It started exciting as everyone was on the same spot and track building and movement could be used to mess with the other players. But once everyone split up it was always best to go for the deliveries that would keep you out of the way of other players. Also, once enough tracks had been placed it was even easier to avoid any possible altercations with the enemy. Slowly, but steadily, this game ran out of steam.

Final Comment:
Too long for what it is; turns into a rather basic hand-management/pick-up-and-deliver game after the first couple turns.


I had played Tikal and Torres already (to be reviewed later), and enjoyed both. I knew what to expect (from playing those and reading up on and I wasn't disappointed in those expectations.

It uses the same action point system as the previously mentioned games, which is basically that on your turn you have 6 points to use and different actions use a different amount of those points. So, like the other games, it is all about using those points the most effectively on your turn. In general, you are placing tiles on the board creating the landscape (including elevations) and hoping to control the higher levels that contain the palaces which allow you to score. There are some other ways to earn points, surround lakes and festivals, but they aren't really the heart of the game and to me seem more like last minute add-ons to allow some alternate strategies.

This is a heavy game. To win, or even play competitively, you will have to carefully plan every move. The optimal move is rarely obvious, so there is likely to be quite a few moments of downtime.

Final Comments:
Enjoyable game if I am in the mood for deep strategy. It does seem to go a little long, but that is mostly due to analysis paralysis (and, yes, I am usually guilty of it myself). I'm not sure if Torres, Tikal, and Java are all necessary to own in the same game library, though, as in the end I felt they were too similar. (Note: I have not played Mexica, yet)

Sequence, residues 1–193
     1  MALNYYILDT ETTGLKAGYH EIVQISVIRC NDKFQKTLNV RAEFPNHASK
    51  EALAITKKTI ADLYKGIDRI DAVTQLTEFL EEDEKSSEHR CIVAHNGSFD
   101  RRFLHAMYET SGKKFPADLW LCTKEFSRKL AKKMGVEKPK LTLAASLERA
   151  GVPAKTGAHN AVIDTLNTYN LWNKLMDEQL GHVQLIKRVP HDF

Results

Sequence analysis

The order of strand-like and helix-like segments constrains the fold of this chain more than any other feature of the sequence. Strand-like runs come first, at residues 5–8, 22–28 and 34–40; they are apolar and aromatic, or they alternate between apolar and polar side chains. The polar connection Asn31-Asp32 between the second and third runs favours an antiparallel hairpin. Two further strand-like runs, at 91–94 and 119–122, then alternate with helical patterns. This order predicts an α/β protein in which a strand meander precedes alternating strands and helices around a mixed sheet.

So far, I've generally enjoyed all of Knizia's games that I've experienced. This one doesn't seem to break the mold: Some elements of strategy, some elements of controlling the randomness, and an abstract feel with a slightly pasted-on theme.

Players receive a hand of tiles which are used to win trophies on a hexagonal board. There are three different types of trophies, and corresponding influence tiles that affect adjacent trophies that match, as well as some generic tiles that will affect any and all adjacent trophies. Each turn you place one tile (or multiples if you have FREE tiles in hand) around the cities containing trophies. Once a city is surrounded by tiles, you check to see which adjacent tiles affect which trophy in the city. Whoever has the most total points with their tiles will win the trophy. Many cities are only a hexagon away from other cities allowing some tiles to affect multiple cities.

Trophies are counted at the end, and the winner isn't determined by the total number as much as the majorities in each trophy type. So if you have the most in two types of trophies, it doesn't matter that your opponent has a higher total number of trophies. Also, while there is randomness in what tiles you draw, everyone has their own draw pile and the same exact tiles in each allowing the luck to be lowered quite a bit.

Final Comment:
To me, Samurai feels like a light, strategic, abstract game. It can play quickly, but there is plenty to think about each turn. Theme is pretty transparent, but it doesn't hurt the game in my view. This one is definitely worth checking out.